The Masahiro Tanaka sweepstakes have put a wrench into the offseason thus far, both for the teams involved in the bidding for Tanaka (read here as EVERYBODY) and for the other pitchers on the market, like Ubaldo Jimenez, Ervin Santana, and Matt Garza. The Toronto Blue Jays have been one of those teams that have patiently awaiting the outcome of the Tanaka bidding, and that patience may pay off for Toronto, according to Ken Rosenthal of FoxSports.
In his latest post, Rosenthal addresses Toronto’s active pursuit of pitching on the market, noting that even at this late stage, they still look to add one or possibly two starting pitchers to their rotation this winter. Rosenthal also makes note that Toronto’s possession of not one, but two protected draft picks in the first round gives them an advantage in that pursuit, as they would only need to surrender a second round pick and the accorded slot money if they signed either Ubaldo Jimenez or Ervin Santana, both of whom declined qualifying offers earlier this winter.
That could be good news for Blue Jays fans who have been waiting to see the team make a move of some caliber this winter. Whether it amounts to anything more than speculation certainly depends on whether the Blue Jays get competitive in their bidding for either candidate.
Earlier this week, we discussed how Jimenez was looking for a deal in the 4-year, $17-$20 million range, hoping to capitalize on a bounce-back campaign that saw him go 13-9 with a 3.30 ERA and a career-high 9.6 K/9 ratio. However, bidders will be cautious of a one-year wonder, especially after watching Jimenez struggle over the two prior seasons in Cleveland and the Blue Jays will do their due diligence as well.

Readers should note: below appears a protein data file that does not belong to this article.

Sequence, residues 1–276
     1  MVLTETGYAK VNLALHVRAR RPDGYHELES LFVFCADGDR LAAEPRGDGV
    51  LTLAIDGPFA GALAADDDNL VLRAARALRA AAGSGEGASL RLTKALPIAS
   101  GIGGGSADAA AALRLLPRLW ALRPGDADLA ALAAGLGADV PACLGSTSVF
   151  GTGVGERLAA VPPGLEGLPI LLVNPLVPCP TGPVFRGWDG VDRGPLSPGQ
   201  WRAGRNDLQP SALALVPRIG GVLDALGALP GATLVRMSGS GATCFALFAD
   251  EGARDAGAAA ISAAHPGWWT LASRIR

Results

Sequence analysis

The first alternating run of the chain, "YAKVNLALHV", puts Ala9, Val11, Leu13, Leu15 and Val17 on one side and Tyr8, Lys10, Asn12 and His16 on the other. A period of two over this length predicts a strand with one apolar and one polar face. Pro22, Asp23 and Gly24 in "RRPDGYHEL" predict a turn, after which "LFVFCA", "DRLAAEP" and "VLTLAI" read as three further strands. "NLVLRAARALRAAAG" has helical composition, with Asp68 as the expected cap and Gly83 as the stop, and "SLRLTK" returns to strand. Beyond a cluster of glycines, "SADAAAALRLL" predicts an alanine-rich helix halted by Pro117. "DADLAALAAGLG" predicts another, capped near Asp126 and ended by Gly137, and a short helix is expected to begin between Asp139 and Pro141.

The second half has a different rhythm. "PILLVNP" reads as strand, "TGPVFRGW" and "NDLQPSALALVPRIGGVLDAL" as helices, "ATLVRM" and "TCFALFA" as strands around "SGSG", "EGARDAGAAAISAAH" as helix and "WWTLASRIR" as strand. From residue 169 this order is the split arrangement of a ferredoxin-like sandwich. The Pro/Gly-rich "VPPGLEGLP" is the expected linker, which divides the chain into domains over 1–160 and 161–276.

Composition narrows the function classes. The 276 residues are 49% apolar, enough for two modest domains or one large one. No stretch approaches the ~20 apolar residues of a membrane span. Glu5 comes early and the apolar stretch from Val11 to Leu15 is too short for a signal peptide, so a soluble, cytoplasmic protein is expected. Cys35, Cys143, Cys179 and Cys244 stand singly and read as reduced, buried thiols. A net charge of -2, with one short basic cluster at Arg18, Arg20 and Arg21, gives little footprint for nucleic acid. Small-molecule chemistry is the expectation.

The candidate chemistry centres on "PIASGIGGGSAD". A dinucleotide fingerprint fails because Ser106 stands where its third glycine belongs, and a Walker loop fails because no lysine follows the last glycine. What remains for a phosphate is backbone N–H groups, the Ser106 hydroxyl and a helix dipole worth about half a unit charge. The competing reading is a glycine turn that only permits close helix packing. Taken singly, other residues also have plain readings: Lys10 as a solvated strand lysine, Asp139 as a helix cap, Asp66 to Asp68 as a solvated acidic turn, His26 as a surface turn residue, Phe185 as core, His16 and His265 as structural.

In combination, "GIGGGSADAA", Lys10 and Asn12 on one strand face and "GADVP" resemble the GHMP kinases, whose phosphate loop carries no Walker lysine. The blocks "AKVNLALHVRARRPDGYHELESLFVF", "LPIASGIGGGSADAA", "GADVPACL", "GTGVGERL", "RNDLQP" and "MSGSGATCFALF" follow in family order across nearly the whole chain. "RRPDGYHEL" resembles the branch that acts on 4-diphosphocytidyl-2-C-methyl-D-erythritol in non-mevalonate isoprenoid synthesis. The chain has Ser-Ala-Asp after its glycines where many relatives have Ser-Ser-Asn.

This is really the first time we have heard the Blue Jays attached to Ervin Santana. Perhaps that is due to the fact that we had heard he was looking for a 5-year, $100+ million deal. One can understand the 31-year-old reaching for the stars here, as it is likely his last chance at a big payday, but teams will have similar reservations about Santana as they do about Jimenez. As you can see from the stats below, Santana has not exactly been a model of consistency.
|2005||Los Angeles Angels of Anaheim”>LAA||12||8||4.65||23||133.2||139||73||69||17||47||99||91||2.11|
|2013||Kansas City Royals“>KCR||9||10||3.24||32||211.0||190||85||76||26||51||161||127||3.16|
|162 Game Avg.||13||11||4.19||34||215||208||108||100||29||67||169||100||2.52|
Given the previous moves made last winter, the Blue Jays may feel backed into a corner of winning now, which makes a short-sighted signing like Jimenez or Santana seem more necessary that it otherwise would. Neither one of these pitchers gives a lot of hope of getting maximum value out of any deal they sign, but both would represent an upgrade over what Toronto would enter the season with as is.
Whether that is enough to convince the team to spend and take the chance, we’ll have to wait and see.
Topics: Toronto Blue Jays